Even Ralph Waldo Emerson, an avid reader whose entire career as a writer would have been impossible without his immersion in books, felt compelled to mock bookworms in his famous 1837 address to the graduating students of Harvard University. “Hence the book-learned class,” he complains, “who value books, as such; not as related to nature and the human constitution, but as making a sort of Third Estate with the world and soul.” The ideal American intellectual was a creature he called “Man Thinking” who rejected conventional thinking and "accepted dogmas." Unlike the bookworm, Emerson wrote, Man Thinking understands the proper balance between words and action, deferring to the latter in most things. He reads not merely from the classics but also from the vast tableau of Nature, history, and human experience.
Though he is a beautiful writer and thinker, Emerson is not my muse on matters of the mind. That distinction goes to his younger friend, Henry David Thoreau, who wrote this in his essay “Life Without Principle”: “Not without a slight shudder at the danger, I often perceive how near I had come to admitting into my mind the details of some trivial affair—the news of the street; and I am astonished to observe how willing men are to lumber their minds with such rubbish—to permit idle rumors and incidents of the most insignificant kind to intrude on ground which should be sacred to thought.” This was a man who understood how many of us—intellectuals, bookworms, eggheads, bibliophiles…whatever you want to call us—regard our minds. For us, there is something special about the discourse of books. Elevated? Perhaps, if only because we know the rigorous processes underlying book publishing. All of that copy editing and fact checking and proofreading matters to us. So does the intense labor we see evidenced in the final product—the research, the many person hours of work, the blocks and doubts overcome. There is a difference between the discourse of the book and the “news of the street,” and this is the problem staring many of us in the face: digital technology has facilitated a mental environment in which the distinctions between different kinds of discourse are virtually erased. Everything gets leveled into the same scrollable feed on a device that invites the shallowest possible encounter with the written word.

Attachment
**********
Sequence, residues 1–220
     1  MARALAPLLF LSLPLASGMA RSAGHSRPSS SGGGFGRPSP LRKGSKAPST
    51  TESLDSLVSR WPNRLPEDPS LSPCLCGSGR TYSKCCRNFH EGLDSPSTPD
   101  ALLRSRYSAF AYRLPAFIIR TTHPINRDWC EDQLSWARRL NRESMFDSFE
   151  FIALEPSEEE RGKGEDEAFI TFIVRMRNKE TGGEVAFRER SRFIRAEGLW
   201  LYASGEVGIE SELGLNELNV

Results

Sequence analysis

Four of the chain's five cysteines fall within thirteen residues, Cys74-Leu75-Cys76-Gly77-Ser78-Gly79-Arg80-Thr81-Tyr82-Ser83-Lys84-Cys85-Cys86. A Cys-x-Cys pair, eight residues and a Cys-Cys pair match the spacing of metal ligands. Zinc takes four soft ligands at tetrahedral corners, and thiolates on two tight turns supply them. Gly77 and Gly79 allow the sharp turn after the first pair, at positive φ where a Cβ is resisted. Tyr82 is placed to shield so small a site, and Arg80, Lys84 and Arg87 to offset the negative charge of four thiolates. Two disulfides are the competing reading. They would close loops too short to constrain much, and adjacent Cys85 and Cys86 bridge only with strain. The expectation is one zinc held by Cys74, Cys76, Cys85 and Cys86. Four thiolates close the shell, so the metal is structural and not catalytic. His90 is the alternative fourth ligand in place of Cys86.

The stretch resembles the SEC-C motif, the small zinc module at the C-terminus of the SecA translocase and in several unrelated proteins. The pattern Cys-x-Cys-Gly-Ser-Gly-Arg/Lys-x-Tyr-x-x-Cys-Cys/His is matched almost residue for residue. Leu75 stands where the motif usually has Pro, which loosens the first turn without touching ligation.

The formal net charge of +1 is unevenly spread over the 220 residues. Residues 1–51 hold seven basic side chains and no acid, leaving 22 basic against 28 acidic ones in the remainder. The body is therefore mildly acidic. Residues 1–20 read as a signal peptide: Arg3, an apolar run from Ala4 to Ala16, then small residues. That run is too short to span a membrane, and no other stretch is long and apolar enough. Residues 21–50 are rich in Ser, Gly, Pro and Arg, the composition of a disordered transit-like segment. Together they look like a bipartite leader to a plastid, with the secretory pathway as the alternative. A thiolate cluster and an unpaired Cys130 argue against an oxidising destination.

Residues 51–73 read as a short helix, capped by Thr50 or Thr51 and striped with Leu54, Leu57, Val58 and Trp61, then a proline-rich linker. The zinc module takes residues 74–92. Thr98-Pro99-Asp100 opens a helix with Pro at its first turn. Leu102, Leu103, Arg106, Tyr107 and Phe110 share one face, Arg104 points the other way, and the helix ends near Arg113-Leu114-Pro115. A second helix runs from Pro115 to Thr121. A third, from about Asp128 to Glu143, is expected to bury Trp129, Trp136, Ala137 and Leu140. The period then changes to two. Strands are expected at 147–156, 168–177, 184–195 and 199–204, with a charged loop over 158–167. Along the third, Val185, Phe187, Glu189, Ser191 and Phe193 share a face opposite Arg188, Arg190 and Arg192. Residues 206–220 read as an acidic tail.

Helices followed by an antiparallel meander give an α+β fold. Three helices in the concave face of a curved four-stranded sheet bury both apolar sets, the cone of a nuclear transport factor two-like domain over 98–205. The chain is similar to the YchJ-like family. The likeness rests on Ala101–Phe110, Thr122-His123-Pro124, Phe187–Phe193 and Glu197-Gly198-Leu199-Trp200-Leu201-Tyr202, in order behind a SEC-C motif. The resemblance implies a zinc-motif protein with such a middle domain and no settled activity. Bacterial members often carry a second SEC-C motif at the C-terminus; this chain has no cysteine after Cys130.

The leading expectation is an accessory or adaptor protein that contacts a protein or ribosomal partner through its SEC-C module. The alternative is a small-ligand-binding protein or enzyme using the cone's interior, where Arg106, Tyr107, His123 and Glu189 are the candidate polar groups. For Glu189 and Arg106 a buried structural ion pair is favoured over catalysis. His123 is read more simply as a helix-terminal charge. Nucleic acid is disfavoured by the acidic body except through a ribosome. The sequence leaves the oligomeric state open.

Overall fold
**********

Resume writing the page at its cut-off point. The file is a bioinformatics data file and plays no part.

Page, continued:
The other book I brought with me for the airport is a novel, The Human Stain, by Philip Roth. I have been slowly making my way through Roth’s novels for the past two years. When I finally boarded the airplane, the woman to my right, who was silent to the point of being willfully antisocial, pulled out a book a few minutes after takeoff. It was one of the Jack Reacher thrillers—I forget the title now. A solid choice. Bravo to her for keeping the novel alive.